How Doritos Were Born, Thanks to Walt Disney.

The story of the invention of Doritos is an interesting one. Back in 1955, just months after opening Disneyland, the founder of Frito-Lay, a man named Elmer Doolin, presented an idea to Walt Disney, suggesting that he allow Doolin to open Casa de Fritos, a Mexican restaurant, in Frontierland in a strip of restaurants called New Orleans Street.

Back in 1955, Mexican food was rather exotic to American tastes. The restaurant sat alongside Aunt Jemima's Pancake House (I remember their “Mickey Mouse pancakes”).  Casa de Fritos served tamales, chili, Frito pie, enchiladas and something reportedly called the “Ta-Cup.”

As the story goes, a batch of discarded tortillas was saved from the trash and transformed into an off-menu item that became an instant hit. It was one of the route salesman who saw discarded tortillas and told the cook to make them into tortilla chips instead of just tossing them in the trash. You see, at that point, tortilla chips weren't part of the Frito family, so the restaurant had no use in offering them as other Mexican restaurants did. Casa de Fritos put them on the menu—without the knowledge of the Frito Co.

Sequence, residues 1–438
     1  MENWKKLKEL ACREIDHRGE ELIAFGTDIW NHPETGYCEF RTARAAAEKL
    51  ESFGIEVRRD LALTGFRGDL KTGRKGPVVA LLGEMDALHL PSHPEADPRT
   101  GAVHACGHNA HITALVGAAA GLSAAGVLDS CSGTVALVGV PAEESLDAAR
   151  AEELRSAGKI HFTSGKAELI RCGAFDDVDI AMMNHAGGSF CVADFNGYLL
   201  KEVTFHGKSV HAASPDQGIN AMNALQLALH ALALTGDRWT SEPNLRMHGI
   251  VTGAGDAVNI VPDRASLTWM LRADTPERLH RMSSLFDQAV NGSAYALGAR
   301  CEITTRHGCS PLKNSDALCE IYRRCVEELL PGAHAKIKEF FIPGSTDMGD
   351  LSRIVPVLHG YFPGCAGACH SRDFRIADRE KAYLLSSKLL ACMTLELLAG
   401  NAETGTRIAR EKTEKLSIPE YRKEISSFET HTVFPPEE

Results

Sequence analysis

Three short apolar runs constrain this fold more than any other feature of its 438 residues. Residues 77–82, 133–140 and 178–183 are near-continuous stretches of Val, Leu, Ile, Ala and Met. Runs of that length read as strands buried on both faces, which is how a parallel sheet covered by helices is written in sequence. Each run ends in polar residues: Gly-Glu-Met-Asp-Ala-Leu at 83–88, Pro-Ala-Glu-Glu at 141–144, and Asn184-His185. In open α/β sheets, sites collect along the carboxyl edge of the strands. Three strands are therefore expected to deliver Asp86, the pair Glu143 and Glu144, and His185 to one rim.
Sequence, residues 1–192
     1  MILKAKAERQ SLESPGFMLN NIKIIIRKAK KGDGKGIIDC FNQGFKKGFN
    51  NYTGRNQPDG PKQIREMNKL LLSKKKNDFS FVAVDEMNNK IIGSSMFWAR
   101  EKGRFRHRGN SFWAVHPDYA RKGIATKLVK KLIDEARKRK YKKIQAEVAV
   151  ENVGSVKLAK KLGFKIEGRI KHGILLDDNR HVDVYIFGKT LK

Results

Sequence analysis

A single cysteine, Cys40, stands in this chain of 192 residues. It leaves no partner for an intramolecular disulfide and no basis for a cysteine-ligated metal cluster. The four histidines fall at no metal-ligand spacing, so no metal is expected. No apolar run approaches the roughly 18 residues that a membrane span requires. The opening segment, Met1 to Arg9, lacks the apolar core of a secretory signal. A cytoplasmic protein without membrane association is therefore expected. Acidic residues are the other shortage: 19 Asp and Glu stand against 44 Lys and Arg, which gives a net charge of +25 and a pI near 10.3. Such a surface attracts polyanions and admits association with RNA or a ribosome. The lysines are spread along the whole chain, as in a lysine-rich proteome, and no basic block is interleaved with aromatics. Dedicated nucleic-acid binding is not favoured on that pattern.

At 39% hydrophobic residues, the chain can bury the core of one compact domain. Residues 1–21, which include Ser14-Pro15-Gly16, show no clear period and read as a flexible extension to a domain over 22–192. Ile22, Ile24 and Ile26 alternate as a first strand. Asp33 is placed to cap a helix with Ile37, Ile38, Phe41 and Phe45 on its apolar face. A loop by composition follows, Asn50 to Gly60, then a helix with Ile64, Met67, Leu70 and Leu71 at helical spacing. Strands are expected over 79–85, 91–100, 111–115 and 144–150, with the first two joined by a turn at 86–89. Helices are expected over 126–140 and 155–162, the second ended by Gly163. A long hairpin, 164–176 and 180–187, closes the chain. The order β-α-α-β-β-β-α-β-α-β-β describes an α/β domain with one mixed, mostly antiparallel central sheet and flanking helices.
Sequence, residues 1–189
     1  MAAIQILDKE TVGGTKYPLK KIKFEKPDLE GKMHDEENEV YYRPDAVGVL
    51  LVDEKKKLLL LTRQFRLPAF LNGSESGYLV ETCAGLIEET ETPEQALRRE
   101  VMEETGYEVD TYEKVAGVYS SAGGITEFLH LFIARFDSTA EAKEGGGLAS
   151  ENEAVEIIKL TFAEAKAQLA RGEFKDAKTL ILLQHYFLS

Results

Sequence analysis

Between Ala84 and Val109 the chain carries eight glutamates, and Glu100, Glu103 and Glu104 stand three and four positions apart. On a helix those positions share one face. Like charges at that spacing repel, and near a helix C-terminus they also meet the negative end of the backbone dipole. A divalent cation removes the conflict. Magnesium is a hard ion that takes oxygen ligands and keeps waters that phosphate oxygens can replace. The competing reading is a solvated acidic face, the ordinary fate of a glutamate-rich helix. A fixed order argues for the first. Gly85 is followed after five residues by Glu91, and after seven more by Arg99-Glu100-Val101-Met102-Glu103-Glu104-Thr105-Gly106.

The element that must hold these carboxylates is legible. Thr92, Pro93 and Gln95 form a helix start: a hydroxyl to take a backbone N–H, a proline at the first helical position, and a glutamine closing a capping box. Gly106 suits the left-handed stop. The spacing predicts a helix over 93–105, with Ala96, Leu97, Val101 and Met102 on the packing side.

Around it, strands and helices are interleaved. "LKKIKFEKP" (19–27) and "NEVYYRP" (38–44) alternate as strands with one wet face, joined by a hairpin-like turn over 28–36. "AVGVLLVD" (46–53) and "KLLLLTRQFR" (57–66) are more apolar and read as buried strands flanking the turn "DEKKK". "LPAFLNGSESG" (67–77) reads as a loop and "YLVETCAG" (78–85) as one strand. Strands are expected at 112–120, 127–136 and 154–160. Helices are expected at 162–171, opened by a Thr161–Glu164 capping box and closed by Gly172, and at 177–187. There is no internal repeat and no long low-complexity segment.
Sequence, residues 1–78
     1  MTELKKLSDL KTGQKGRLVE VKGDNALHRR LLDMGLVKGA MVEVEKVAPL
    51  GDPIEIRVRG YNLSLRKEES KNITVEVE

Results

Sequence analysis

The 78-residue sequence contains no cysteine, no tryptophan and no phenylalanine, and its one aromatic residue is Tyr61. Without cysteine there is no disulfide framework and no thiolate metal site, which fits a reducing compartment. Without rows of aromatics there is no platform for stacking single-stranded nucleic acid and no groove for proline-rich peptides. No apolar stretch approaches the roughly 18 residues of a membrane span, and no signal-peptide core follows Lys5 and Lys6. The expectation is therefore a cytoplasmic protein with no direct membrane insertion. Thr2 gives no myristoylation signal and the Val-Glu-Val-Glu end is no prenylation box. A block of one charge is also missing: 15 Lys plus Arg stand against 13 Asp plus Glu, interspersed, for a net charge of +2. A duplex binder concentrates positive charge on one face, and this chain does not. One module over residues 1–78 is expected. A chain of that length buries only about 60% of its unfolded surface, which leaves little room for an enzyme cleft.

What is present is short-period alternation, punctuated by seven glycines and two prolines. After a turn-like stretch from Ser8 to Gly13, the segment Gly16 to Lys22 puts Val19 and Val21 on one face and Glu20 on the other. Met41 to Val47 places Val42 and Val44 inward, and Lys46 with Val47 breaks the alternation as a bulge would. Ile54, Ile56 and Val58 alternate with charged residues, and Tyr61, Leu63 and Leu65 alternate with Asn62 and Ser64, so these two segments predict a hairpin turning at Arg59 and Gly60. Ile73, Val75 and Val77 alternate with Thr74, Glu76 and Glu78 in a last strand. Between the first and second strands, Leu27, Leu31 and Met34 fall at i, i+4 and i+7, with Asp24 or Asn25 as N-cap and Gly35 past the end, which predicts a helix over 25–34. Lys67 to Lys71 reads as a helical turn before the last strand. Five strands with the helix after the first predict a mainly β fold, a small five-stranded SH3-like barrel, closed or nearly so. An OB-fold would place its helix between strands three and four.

According to a book called “Taco USA” by Gustavo Arellano, the marketing vice president for Frito Lay, Arch West, passed by Casa de Fritos and noticed customers eating the chips. In 1966, the chips went national, called Doritos ("little golden things), and were an immediate hit.

And Doritos were born.

Source: OC Weekly

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